It's that time of the year again where students are date nights with the library. Yes, it is exam time, and everyone is looking to find that perfect spot where they can get their heads into their books and start to study / cram for the impending barrage of exams that are about to come their way. Being comfortable and settled in your surroundings is the key way to get some successful studying done.
UniversityHub has asked over 1,000 students to rate their schools based on a variety of areas. One area in particular was 'libraries and study space'. We have compiled a top 10 list of schools below and featured a great study spot from each one. You can explore the full rankings at UnviversityHub.ca.
Featured Study Spot: Harry Potter Room
The majority of Queen's students flock early in the morning, Starbucks lattes in hand, to secure a spot at the popular Stauffer Library. 'Stauff' is more of a social scene than a study space -- so if you want to get actual work done, try the 1923 Reading Room on the fourth floor. Dubbed the 'Harry Potter Room' by many students, you might need a bit of magic to get through exams.
Featured Study Spot: Birks Reading Room
Being one of the oldest universities in Canada, McGill has its fair share of incredible libraries: the natural-light-filled Law Library, the popular Schulich library, and the hipster-centric Redpath library.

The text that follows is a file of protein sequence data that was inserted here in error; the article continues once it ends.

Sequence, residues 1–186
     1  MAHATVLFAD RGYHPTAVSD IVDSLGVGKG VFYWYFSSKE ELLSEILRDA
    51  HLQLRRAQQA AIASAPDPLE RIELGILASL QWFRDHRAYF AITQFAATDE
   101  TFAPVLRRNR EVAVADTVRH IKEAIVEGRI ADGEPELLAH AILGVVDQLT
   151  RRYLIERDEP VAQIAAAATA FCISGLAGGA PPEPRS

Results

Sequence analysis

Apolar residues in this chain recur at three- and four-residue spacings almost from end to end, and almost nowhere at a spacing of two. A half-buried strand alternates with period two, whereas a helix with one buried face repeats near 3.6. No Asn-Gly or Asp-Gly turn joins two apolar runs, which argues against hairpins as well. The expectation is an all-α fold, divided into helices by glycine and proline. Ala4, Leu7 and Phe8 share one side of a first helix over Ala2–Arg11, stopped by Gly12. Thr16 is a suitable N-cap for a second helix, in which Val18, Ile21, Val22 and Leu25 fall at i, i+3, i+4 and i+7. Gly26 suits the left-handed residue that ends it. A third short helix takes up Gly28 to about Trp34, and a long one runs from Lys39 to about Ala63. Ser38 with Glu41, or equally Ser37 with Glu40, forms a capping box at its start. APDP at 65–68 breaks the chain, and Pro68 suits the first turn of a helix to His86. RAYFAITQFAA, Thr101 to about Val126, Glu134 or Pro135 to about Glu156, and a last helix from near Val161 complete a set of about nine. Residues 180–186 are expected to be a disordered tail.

Our featured hot spot is the Birks Reading Room. Situated on the second floor of the Birks Building this little gem is a home from home. Winter boots are not permitted, so you can bring your fluffy socks to relax in.
University of British Columbia - Vancouver Campus
Featured Study Spot: Law Library at Allard Hall
UBC students and alumni rated their libraries high enough to come third in our list. Whether it's the Irving K. Barber Learning Centre or the Chapman Learning Commons, the studious UBC folk have no shortage of places to go. The Law Library is just north of the IKB Learning Centre and is the newest and most modern study space on campus. The seats even recline!
Featured Study Spot: McPherson Library
UVic has been a true hidden gem in this year's rankings, and their libraries are some of the best in Canada. If you are looking to be part of a group study then head to the second floor of the McPherson Library, where it is buzzing with discussions. If you need some peace and quiet, then the basement and third floor has individual cubicles.
Featured Study Spot: John B. McNair Learning Commons
For those who don't know, UNB is the oldest English-speaking university in Canada. They have some great study spots around campus. You can study with a view at the SUB Blue Room Lounge, relax at the classy 'Red Room' at Harriet Irving Library, or enjoy the comfy leather armchairs at the John B. McNair Learning Commons.
Featured Study Spot: Grey Carpet (Entrance Level)
MTA controversially demolished one of their sacred libraries to build a new space on campus. The Ralph Pickard Bell Library space has carpet colours for each floor with the most exciting one being, ironically, the grey carpet. The grey carpet room is the room where you can practically live for the day and cram as much information into your head that you can.
Featured Study Spot: John Scott (MedSci) Library
Our featured spot is the John W. Scott Health Sciences Library, but the students just call it MedSci. The skylights fill this building with natural light to give you a good dose of Vitamin D when you are working hard. The large windows come in handy at night to remind you to go home and get some well-earned sleep.
Featured Study Spot: the Paws Room